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Summary: There is a vast difference between professing one's relationship to Christ and one demonstrating the reality of one's relationship to and faith in Christ.

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Hebrews 10:23-32

There is a vast difference between professing one's relationship to Christ and one demonstrating the reality of one's relationship to and faith in Christ. Paul in writing to Titus (Titus 1:16) speaks of a group of professing Christians and says, "They profess to know God, but in works they deny Him being abominable, disobedient, and disqualified for every good work." What Paul is saying is that they profess to be saved, but by their lifestyle, the habitual practices of their life, their lips lie. However, their actions tell the truth about their spiritual condition. In Hebrews 10, Paul presents the argument that one of the evidences of being a child of God is a love for the things of God and an active participation within the body of the family of God along with an accompanying transformation. Many have their name on the roll of a local church but that does not mean that they are an active part of the family of God. This point is clearly demonstrated by a study that was conducted by the Strategic Information and Planning Department of the SBC's Sunday School Board that reported only 37% of members in SBC churches attend the primary worship service of the church and that only 12.3% of the membership attend something more than a once a week meeting. This does not even address how few actually serve within the church. There is a vast difference between being a member of a local church and being an active member within the family of faith. An active member is one who has committed him or herself regularly attend and participate in a local New Testament, Bible preaching, Christ honoring church, unless they are prevented by circumstances beyond their control. Just having one's name on the membership list of a local church falls far short of God's expectations. In looking at Hebrews 10, I would like you to see an exhortation, an expectation, and a admonition or warning.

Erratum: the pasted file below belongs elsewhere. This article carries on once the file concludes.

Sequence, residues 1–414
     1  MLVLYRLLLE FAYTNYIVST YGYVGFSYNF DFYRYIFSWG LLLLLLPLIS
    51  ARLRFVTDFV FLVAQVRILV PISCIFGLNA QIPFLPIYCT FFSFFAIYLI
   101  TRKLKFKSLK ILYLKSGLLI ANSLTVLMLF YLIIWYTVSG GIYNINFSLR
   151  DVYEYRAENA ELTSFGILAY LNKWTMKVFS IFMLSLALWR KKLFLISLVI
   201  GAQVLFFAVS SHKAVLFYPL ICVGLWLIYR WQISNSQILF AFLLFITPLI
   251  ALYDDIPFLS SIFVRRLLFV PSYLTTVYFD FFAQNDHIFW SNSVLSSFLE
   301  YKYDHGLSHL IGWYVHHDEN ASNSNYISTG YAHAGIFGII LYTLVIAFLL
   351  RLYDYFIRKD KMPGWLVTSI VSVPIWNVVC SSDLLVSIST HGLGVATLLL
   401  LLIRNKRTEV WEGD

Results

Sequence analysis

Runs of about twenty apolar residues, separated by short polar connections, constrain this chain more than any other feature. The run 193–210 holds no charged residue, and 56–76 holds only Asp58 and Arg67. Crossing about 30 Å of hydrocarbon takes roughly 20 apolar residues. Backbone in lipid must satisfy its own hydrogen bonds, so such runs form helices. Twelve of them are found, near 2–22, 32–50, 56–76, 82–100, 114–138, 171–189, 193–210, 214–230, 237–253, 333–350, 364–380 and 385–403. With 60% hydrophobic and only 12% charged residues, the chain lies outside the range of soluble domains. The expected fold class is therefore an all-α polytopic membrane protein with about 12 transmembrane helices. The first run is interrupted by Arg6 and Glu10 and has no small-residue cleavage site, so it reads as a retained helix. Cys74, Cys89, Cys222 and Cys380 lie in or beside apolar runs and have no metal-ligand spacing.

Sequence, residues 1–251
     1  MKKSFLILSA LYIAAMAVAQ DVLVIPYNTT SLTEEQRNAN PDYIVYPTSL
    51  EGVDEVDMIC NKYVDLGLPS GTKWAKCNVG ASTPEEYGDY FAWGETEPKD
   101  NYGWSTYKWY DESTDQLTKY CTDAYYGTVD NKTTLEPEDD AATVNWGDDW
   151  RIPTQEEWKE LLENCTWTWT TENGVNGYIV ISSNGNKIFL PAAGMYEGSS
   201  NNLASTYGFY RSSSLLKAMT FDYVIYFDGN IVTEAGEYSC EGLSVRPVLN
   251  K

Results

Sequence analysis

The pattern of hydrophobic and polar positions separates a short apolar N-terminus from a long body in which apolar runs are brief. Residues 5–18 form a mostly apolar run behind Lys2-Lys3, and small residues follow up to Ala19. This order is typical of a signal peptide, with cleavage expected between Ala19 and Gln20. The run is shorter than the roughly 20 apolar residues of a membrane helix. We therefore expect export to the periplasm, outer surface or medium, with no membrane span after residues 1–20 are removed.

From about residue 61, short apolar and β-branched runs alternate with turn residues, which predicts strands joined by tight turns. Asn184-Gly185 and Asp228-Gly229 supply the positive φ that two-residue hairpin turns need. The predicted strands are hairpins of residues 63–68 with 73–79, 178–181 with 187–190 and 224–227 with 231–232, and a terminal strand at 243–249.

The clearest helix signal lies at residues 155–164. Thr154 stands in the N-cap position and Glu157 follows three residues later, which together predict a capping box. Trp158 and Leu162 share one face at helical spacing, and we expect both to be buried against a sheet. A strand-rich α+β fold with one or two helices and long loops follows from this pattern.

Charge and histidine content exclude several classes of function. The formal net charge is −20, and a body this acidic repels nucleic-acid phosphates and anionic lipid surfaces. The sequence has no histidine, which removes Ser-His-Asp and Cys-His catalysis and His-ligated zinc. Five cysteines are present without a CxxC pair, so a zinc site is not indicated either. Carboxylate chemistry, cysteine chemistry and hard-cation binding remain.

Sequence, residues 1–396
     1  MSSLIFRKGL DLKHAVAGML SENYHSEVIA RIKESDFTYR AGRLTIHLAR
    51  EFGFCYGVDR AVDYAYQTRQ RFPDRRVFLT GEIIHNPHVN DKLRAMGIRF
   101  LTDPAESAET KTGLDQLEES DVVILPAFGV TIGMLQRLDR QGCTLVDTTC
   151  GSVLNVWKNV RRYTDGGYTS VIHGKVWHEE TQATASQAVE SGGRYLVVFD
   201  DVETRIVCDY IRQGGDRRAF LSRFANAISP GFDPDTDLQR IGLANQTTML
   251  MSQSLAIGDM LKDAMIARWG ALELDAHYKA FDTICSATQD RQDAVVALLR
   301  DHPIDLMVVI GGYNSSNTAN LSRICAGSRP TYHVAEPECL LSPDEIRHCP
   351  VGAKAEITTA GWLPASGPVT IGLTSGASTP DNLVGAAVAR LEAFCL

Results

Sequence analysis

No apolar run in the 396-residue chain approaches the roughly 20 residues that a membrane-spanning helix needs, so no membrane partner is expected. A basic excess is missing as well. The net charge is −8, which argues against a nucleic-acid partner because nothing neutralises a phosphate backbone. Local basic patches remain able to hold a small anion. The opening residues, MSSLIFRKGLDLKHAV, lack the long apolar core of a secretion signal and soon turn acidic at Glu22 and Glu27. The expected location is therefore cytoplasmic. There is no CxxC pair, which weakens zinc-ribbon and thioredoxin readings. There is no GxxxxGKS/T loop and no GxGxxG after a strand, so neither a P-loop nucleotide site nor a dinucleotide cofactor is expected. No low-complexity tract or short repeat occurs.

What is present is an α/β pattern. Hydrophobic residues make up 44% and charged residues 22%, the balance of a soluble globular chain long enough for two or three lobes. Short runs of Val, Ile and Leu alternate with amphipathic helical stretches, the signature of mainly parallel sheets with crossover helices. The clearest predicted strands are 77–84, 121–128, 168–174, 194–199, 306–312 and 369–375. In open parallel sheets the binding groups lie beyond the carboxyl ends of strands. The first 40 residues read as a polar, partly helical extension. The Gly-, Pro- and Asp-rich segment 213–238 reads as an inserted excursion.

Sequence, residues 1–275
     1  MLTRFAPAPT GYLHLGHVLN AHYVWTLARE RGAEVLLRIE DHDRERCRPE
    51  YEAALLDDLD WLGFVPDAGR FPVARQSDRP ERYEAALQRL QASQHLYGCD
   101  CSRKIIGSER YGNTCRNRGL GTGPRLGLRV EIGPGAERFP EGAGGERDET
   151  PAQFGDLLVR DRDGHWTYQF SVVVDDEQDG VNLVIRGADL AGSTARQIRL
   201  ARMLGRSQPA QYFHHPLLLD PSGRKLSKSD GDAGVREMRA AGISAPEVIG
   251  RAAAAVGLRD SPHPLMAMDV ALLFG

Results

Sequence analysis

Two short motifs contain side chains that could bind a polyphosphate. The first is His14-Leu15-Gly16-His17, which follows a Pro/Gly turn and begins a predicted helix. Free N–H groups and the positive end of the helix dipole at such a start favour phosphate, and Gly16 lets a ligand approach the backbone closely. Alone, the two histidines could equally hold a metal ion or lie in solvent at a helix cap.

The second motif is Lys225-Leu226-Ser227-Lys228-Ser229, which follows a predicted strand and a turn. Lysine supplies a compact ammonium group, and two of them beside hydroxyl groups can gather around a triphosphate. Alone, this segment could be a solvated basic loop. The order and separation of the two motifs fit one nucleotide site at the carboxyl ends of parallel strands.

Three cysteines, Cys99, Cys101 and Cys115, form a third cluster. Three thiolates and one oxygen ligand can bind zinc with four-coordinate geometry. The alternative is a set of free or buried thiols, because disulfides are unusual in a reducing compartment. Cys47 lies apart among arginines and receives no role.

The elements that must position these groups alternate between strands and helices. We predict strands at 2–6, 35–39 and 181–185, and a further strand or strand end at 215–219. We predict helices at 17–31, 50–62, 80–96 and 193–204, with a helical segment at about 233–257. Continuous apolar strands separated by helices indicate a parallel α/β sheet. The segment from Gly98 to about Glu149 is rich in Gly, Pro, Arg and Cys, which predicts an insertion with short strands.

I The Exhortation - Stimulating and inciting others to live for Christ

A. Hebrews 10:24-25 "let us consider one another in order to provoke love and good works, not forsaking the assembling of ourselves together, as is the manner of some, but exhorting one another, and so much the more as you see the Day approaching."

B. Here we are not given the command to love one another and do good works but to live lives in such a way that others will be stimulated and incited to live for Christ.

C. This stirring one another up to love and good deeds ought to be motivated by a sense of our Lord's imminent return. Each day closer to His glorious Second Coming should serve to motivate us to pour ourselves into acts of love toward one another.

D. John Piper has an interesting comment on this section writing that stimulating one another...is the focus for your life. Here is what you aim at from morning till night as a Christian. Notice carefully: it is not what you might expect. It is not: consider how to love each other and do good deeds. That would be Biblical and right. But it’s different: “Consider how to stimulate each other to love and good deeds.” Focus on helping others become loving people. Aim at stirring up others to do good deeds. And of course the implication would also be that if others need help and stirring, we do too, and so we would be aiming at what sorts of ways we can think and feel and talk and act that will stir each other up to love and to do good deeds. The aim of our lives is not just loving and doing good deeds, but helping to stir up others to love and to good deeds. - John Piper, Consider Each Other How to Stir Up Love, April 6, 1997


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